When coaching new organizers, I find they often struggle with the initial client contact. Instead of gathering information they need during the phone consultation, they spend too much time trying to convince the prospect to hire them. If the client hires them, they struggle because they don’t have the information they need to do the job effectively. A client onboarding process will solve these problems and build a positive client experience.
What Is a Client Onboarding Process?
Simply put, a client onboarding process is a way to welcome new clients into your business. It helps you make the best first impression. It showcases your professionalism and organizational skills.
Why Do I Need One?
You’re likely nervous about your new client but remember that the client is nervous too. They want to be sure that your services are worth the investment. By creating an organized and seamless onboarding experience, you demonstrate your value from the relationship’s start. Your clients will be happier because they know what to expect from you and when. Besides, a standardized procedure means you will be sure all of the legalities (contracts, etc.) and payments are taken care of before you work together. And as a bonus — when you are ready to scale your business, you can hand off the client onboarding process to an employee or virtual assistant with no loss in quality.
Where Do I Start?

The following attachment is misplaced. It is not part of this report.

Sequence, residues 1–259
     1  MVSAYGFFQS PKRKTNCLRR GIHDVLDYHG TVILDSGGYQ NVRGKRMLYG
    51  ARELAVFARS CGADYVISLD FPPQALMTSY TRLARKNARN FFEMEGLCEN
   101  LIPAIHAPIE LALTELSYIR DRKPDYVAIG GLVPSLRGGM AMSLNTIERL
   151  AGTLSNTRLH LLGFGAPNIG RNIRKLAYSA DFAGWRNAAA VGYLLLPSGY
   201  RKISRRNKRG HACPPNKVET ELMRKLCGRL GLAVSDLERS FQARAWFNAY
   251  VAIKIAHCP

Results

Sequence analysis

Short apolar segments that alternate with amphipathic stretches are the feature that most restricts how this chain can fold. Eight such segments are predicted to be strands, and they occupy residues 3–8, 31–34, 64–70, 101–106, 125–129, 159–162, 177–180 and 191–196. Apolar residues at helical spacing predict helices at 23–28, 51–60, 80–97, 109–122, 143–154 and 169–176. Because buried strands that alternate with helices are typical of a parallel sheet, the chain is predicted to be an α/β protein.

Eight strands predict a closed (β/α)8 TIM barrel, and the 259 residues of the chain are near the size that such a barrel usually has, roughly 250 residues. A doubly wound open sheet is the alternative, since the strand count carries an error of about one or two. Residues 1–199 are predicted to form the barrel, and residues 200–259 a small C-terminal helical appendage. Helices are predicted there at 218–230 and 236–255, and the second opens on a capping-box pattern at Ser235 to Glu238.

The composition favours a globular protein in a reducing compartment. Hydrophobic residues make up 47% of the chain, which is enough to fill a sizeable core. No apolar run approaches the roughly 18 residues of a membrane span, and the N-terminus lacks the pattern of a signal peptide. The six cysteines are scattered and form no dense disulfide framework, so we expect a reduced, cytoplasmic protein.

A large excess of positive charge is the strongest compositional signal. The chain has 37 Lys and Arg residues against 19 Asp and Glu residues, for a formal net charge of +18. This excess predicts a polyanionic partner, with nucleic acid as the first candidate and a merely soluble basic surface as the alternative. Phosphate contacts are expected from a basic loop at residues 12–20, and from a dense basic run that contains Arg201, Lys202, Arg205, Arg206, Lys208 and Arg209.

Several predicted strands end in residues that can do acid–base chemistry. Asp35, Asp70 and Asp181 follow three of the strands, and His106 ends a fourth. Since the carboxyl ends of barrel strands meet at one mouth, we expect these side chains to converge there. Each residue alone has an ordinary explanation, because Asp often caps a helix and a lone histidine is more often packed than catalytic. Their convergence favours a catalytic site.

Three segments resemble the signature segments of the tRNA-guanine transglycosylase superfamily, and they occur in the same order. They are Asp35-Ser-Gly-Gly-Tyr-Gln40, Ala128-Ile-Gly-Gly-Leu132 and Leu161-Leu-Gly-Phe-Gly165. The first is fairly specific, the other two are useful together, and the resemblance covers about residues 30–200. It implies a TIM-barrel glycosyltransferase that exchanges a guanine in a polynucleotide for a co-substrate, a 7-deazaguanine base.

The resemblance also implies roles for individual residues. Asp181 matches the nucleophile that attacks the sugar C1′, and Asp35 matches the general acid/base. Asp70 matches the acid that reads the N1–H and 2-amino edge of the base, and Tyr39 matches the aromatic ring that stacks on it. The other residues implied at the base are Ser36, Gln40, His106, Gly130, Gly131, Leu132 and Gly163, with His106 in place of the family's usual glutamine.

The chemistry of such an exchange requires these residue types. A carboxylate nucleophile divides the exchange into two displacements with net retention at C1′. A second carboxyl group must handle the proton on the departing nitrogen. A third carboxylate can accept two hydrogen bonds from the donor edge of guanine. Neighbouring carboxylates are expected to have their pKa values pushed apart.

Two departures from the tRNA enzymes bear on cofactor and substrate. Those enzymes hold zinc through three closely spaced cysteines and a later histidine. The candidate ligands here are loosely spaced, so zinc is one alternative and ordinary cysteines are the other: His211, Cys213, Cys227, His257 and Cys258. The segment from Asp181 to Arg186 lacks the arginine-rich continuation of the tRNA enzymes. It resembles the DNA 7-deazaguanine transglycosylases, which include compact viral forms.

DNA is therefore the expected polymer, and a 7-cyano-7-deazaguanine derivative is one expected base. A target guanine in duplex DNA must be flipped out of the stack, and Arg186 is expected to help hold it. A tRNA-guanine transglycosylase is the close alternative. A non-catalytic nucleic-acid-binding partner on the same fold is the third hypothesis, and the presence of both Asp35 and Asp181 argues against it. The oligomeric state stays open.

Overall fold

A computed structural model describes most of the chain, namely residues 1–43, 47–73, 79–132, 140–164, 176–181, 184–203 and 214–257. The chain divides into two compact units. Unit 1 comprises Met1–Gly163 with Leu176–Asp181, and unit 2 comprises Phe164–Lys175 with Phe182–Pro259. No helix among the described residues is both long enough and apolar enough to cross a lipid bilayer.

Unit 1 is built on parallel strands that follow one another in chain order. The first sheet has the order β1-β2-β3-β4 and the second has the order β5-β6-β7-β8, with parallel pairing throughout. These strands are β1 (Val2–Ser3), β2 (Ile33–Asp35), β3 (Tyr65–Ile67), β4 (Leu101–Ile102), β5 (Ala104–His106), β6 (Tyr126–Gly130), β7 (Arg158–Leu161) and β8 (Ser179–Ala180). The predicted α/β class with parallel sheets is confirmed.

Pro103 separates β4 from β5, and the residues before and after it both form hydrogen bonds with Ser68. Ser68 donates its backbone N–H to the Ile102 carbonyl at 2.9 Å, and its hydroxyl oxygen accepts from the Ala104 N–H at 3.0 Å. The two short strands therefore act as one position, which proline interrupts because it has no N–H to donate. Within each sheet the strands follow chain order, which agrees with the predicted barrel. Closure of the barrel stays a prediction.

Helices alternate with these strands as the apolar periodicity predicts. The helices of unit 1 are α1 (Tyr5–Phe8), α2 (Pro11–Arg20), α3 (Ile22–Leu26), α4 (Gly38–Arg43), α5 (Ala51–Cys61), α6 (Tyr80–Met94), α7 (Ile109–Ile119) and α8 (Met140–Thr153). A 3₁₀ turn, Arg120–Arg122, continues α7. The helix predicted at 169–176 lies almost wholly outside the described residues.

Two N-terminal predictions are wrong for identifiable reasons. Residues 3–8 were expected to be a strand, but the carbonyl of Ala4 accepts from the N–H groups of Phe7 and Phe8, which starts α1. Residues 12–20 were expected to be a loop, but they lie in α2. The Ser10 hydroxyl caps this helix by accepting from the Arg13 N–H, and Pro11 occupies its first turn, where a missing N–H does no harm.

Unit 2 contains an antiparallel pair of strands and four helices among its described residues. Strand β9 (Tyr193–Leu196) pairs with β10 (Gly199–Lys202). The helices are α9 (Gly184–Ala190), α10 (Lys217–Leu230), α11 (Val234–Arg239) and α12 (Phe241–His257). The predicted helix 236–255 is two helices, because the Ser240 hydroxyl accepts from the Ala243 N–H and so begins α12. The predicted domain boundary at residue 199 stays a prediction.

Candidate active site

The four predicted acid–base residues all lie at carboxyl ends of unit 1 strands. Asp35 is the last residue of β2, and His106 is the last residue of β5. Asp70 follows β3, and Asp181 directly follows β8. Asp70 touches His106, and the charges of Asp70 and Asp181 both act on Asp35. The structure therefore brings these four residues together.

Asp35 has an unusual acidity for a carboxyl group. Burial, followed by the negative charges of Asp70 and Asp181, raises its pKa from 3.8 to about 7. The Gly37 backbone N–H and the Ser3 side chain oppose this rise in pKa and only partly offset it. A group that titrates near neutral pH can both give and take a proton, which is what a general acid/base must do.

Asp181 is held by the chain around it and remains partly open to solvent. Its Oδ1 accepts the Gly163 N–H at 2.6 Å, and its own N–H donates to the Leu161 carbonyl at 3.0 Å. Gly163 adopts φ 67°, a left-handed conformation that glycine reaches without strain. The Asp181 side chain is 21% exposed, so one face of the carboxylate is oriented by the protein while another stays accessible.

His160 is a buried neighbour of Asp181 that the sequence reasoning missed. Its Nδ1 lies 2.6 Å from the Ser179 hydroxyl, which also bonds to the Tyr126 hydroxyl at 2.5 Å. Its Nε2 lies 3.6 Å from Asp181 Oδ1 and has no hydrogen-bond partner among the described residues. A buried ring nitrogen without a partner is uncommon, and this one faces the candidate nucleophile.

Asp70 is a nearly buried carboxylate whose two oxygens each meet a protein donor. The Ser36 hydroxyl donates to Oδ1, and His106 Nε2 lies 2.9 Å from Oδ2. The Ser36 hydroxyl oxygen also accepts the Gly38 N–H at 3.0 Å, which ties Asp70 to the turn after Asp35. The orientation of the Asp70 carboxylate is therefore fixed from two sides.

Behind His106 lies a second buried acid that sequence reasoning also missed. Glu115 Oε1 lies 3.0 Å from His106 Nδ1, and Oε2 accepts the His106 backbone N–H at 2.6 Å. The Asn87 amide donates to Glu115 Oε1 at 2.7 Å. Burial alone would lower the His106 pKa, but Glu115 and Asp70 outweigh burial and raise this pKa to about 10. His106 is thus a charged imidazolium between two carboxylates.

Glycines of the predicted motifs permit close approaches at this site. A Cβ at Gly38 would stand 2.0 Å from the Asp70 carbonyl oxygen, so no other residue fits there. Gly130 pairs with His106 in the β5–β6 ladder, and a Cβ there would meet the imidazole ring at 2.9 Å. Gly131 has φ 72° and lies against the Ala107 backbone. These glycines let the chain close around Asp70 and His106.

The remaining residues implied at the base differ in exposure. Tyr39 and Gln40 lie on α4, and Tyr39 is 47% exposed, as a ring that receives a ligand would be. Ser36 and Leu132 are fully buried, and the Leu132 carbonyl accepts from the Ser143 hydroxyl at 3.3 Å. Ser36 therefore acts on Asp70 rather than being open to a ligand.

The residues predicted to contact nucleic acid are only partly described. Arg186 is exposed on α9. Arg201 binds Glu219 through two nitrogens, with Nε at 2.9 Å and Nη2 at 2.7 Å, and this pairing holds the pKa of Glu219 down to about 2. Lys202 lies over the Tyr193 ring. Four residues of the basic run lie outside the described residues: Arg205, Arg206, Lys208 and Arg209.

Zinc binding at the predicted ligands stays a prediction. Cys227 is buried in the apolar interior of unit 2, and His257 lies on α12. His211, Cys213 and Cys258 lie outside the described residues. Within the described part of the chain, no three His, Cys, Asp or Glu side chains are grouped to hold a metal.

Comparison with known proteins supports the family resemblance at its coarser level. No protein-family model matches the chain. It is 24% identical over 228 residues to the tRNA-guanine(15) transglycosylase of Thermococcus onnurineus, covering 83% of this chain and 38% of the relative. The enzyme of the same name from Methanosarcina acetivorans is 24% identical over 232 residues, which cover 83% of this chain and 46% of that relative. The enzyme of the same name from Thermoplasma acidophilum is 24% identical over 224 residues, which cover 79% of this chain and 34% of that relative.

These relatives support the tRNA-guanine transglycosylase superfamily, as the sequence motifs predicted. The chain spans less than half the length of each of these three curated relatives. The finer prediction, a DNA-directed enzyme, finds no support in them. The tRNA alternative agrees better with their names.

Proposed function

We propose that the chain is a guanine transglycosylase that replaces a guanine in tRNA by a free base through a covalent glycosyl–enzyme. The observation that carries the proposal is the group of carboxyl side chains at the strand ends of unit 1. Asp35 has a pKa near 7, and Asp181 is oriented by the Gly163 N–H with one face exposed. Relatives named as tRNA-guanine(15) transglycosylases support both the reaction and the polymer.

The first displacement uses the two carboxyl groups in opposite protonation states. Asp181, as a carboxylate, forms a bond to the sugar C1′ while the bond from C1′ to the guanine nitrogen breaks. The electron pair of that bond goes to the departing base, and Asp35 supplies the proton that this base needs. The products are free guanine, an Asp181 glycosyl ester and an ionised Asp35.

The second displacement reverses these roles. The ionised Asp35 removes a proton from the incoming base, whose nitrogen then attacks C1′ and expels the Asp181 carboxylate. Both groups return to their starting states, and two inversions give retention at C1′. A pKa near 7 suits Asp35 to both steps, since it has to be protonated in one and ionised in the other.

The client onboarding process starts long before the client contacts you. You need to prepare intake forms to collect the client’s contact information, a description of the project, and learn about their styles and preferences. You’ll also need your letter of agreement, photo waiver, and terms and conditions document ready. If that all seems overwhelming, don’t worry. I’ve created everything you need in my New Organizers’ Essentials pack.
Another essential step in the process is to decide how you prefer to handle your client appointments. Generally, there are two approaches:
- Make an appointment to declutter space and partially organize, measure, and create a list of products. Then, make a second appointment to install the product and finish the project.
- Make an appointment to measure the space and create a list of products needed. Return for a second appointment to declutter, organize, and install the products.
The advantage of the first option is that you learn the client’s preferences. You have already partially decluttered, so you have a better idea of the amount of product to purchase. Also, you prove your value early in the relationship. But it can be more work because you have to put things back and get them out again. It may get cluttered again if there is too much time between appointments.
The second option is straight-forward because you declutter and organize everything all at once. However, you may purchase too much product (Always check the store’s return policy before buying!) or the wrong product if decluttering and organizing doesn’t go the way you expect.
Then again, maybe you will use both options depending on which one fits your clients’ needs. Whatever you choose, your onboarding process needs to incorporate this.
How Does It Work?
You need a standard operating procedure in place. It can be a simple checklist that briefly describes each step in the process from initial contact to preparing for the first appointment.
Initial Contact Phase
In the initial contact phase, you:
- Capture the client’s concerns (listen, not talk).
- Collect the information you need to understand their organizing project.
- Ask them to define their goals. Specifically asking them, “How would you define success on this project?” shows that you are actively listening and attuned to their needs.
A positive initial contact sets expectations and outlines your communication schedule. And it defines the roles and responsibilities of you and your client.
Post Initial Contact Phase